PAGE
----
Taking months to house train your new puppy can be a draining and frustrating experience. You want to enjoy your puppy to the full and not have constant potty paranoia.
House training needn’t be a drawn out process. This post will give you all the tools and information om how to potty train a puppy fast and integrate them fully into your household routine.
How To Start Training Your Puppy to Potty Outside
Your puppy’s first memory of coming home should be a walk through the house and out to the backyard. Take your puppy to where you would like them ‘to go’ and wait there until your puppy eliminates before bringing them indoors.
Control of your puppy in the early days is key. Using a leash to guide your dog to the potty patch will ensure consistency.
A prompt or command should be introduced associated with the act, like ‘go potty’ or ‘wee wee’. Praise your youngster when they go, this cycle can be developed with reward and clicker training to enshrine the drill in your puppy’s psyche.
How To To Potty Train A Puppy Fast
Two words spring to mind when mastering potty training in a quick and efficient way – Consistency and Routine.
A routine feeding schedule and consistency in taking your puppy out will lead to rapid results.
You need to develop a sixth sense – a dog relieve radar – to enable you to spot when your dog is likely to need to potty, some subtle signs are listed below:
- Suddenly stopping playing or activity they are undertaking
- Scratching at the door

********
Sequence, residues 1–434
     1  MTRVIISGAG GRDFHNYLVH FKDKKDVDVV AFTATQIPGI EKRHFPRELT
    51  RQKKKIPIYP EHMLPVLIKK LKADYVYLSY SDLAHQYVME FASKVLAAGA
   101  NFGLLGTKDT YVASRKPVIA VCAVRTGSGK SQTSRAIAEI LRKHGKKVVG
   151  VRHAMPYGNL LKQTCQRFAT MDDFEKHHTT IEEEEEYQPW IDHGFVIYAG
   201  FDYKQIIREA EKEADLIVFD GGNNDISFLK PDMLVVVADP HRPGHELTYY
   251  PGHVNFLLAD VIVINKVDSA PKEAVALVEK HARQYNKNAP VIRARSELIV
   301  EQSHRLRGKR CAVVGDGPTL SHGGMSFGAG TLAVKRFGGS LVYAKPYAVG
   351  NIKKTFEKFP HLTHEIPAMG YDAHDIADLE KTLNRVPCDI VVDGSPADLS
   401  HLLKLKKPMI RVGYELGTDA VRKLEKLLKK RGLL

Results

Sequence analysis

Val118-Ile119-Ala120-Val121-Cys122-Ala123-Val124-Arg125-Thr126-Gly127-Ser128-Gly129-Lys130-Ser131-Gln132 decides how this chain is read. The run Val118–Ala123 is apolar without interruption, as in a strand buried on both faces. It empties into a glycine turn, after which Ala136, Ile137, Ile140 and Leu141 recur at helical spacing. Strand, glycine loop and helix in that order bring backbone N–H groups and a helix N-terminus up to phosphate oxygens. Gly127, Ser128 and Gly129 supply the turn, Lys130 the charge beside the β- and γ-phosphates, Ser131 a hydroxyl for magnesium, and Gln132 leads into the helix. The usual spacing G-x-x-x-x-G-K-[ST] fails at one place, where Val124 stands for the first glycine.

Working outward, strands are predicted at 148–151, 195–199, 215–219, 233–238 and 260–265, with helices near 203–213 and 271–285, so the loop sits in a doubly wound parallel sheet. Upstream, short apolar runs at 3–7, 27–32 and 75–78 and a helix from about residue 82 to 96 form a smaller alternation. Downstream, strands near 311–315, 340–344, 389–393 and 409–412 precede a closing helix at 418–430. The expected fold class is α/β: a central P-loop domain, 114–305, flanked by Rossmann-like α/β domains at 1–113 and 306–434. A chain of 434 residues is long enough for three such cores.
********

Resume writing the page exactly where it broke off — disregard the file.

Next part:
- Going to an area where they have previously messed
- General restlessness
To maximize success aside from taking your dog out when the signs above are displayed there are natural points during the day when your puppy is likely to want to relieve themselves. Typical ‘potty time’ are listed below:
- On waking
- Before bed
- Night Interval potty (young puppies)
- After Meals
- After sleep
- After play/training sessions
In summary, fast house training requires discipline on your part to teach your dog what you expect from them. As with most things the amount of effort expended correlates to the success achieved. It’s not easy but house training is worth nailing as early as possible to remove one concern off your daily dog care checklist.
The infographic below recaps the elements discussed:
House Training A Dog at Night
When your puppy is young with the greatest will in the world they will not be able to hold their bladder for extensive periods of time.
As a rule of thumb the maximum number of hours a puppy can go without needing to potty is their age in months + 1. At night your puppy may be able to hold on slightly longer but really there are a multitude of factors that can affect the frequency and timings of an individuals ‘needs’.
What can be done then? Well the unpalatable option and most effective is to let your puppy out during the night so that they can relieve themselves and return to bed for the remainder of the night.
This night time escapade should be a sober affair – no excited pleasantries or extended dialogue when you let your puppy out of its crate.
Take him or her to the potty place and wait for them to go, praise and return them to their bed with the minimum of fuss.
As your puppy matures then they will eventually manage to go through the night ‘dry’. There will no doubt be some accidents along the way. Under no circumstances should you scold your dog for these ‘mistakes’. Clean the crate, chalk it up as one less step to total house training.